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Thread: Camera Advice

  1. #1
    Join Date
    Feb 2008
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    Default Camera Advice

    Hey guys...

    I could use some advice on renting a video camera.

    I have tons of experience with handheld DV camera, and editing with both Final Cut Pro and Adobe Premiere.

    Now, at work, we want to shoot a short 3-5min clip of a product. They want it to look as professional (clear) as possible.

    Should I look into semi-professional cameras like the Sony XL2 (I'm told that I'd get the same quality with any 'good' handheld DV.... is that true?). I'm also told that they're much more complicated to use... so I don't know if I'll be able to figure it out in the short time frame we've set. Any thoughts?

    Should I look into a HD camera? (I'm told that a friend had a handheld DV, and the quality was incredible). Is editing HD any different than normal DV?

    Whatever I decide on has to be within my capabilities...

    Any advice would be great.

    Thanks so much,
    Dan

  2. #2
    Join Date
    Nov 2005
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    Bristol uk
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    Default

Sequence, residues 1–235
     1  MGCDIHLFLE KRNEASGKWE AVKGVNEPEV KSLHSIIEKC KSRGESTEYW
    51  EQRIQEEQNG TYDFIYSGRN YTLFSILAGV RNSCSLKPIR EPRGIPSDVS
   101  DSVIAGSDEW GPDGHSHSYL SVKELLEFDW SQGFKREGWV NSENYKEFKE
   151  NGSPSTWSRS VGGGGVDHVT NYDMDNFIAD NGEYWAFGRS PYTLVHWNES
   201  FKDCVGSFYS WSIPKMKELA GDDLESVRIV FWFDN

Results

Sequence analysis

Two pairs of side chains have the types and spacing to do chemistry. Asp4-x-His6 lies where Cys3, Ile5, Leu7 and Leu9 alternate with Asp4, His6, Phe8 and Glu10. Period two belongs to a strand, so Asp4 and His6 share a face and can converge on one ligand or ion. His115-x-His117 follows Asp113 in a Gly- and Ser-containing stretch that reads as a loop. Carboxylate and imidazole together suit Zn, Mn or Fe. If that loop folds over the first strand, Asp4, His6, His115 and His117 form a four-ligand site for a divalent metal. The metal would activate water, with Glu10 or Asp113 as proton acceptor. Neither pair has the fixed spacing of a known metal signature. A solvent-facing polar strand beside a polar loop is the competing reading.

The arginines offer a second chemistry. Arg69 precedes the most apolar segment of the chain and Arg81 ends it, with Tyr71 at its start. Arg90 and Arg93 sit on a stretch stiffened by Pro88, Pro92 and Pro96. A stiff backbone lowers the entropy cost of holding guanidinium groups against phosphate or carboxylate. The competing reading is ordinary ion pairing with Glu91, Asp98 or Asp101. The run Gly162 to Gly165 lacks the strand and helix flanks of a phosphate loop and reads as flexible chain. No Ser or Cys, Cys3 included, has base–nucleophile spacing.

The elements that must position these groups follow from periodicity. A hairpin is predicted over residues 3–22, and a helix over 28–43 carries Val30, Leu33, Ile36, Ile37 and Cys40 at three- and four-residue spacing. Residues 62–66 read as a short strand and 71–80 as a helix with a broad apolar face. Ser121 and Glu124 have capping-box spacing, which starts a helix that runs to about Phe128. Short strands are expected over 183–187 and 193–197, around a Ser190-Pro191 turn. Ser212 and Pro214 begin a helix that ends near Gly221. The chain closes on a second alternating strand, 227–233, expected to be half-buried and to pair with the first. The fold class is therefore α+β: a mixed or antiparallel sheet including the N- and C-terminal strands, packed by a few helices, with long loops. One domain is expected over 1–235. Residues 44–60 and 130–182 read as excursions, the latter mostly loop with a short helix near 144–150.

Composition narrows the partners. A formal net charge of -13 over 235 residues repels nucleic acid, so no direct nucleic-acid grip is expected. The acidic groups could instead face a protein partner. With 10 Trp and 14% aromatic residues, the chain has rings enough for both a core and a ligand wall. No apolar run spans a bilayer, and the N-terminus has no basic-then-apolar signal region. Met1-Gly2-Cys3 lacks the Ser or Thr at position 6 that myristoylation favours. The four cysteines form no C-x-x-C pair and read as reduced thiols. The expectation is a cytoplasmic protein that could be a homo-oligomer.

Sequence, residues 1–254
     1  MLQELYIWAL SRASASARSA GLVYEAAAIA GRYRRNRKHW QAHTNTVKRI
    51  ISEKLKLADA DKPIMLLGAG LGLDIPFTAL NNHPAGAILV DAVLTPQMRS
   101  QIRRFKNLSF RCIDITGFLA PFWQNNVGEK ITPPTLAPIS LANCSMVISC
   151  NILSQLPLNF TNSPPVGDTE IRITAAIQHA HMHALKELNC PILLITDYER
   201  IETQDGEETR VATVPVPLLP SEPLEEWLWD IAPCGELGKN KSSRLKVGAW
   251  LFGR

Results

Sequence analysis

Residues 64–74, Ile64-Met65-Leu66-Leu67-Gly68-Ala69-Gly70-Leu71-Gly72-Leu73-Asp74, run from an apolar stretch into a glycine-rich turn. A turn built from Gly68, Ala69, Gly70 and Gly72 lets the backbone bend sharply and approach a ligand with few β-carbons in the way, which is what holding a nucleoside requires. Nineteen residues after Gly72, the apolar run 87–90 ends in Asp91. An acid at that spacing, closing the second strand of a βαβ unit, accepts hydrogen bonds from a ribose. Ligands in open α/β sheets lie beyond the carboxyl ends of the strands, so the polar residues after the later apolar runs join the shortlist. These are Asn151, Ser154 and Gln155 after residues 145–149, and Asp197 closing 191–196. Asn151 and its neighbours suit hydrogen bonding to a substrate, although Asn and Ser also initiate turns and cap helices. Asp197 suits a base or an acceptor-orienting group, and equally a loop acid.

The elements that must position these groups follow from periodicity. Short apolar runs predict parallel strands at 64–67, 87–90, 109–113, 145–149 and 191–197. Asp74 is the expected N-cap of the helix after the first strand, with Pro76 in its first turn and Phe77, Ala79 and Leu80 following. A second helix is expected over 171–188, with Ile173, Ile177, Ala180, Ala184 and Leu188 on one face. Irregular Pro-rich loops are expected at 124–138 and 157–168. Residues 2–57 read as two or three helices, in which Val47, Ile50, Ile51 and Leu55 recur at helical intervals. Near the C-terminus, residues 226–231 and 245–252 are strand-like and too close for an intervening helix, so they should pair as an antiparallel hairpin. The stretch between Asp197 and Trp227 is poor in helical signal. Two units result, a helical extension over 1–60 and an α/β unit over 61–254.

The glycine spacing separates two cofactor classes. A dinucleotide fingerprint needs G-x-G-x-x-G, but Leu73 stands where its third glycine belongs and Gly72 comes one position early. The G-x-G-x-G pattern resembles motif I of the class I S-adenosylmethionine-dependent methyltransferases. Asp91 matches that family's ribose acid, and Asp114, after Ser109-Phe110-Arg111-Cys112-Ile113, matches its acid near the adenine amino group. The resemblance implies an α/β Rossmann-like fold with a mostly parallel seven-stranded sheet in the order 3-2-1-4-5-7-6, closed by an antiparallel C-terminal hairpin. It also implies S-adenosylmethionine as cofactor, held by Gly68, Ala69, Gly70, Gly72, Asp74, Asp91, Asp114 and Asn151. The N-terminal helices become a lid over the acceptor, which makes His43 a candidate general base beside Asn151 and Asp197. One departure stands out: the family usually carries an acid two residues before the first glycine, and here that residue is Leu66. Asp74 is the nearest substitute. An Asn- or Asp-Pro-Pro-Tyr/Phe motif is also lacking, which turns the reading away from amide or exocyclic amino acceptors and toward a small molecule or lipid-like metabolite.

An XL2 is as easy to use as a smaller camera. Just set everything to auto.

    No point in shooting in HDV unless you hire AT LEAST a sony fx1 (2500) - below that price the optics of the camera and other bits limit the res.

    To edit HDV smoothly, and depending on the editor, you need 2 or 4 cores.

    Finally " I'm told that I'd get the same quality with any 'good' handheld DV.... is that true? ".

    No - your friends are fools and / or totally inexpirienced. My standard res ( old fashioned DV) JVC pro cam poops all over any HDV camera I have tested, yes it has higher res - dont believe the hype (there again it is a 6000 cam )
    Last edited by Mark W; 02-21-2008 at 06:05 PM.

  3. #3
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    Feb 2008
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    Default

    Quote Originally Posted by Mark W
    No - your friends are fools and / or totally inexpirienced.
    hahahaha. That seemed a little odd to me too.

    So, I'll rule out an HD camera. You think I should go with the more expensive XL2, over a standard handheld? I'll get much better quality out of it?

  4. #4
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    Yes - XL2 is a great camera.

    To get the best from digital video you need to make sure a scene is well it too. I dont mean bright, I mean artistically well lit.

    Esp important for product shots.

  5. #5
    Join Date
    Feb 2008
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    Great - thanks a lot Mark... I really appreciate the help.

    I'd like to get an XL2, but I'm having trouble finding a place that has them for a 2day rental in my area (northern NJ - USA).

    I need to research more, but right now my options are the Panasonic DVX100A or the Sony VX2100.

  6. #6
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    Default

    All similarly good - but the dx100 is just ahead in my book.

  7. #7
    Join Date
    Feb 2008
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    Default

    Nice - it looks like that's what we're going to be using. Thanks again for the help.

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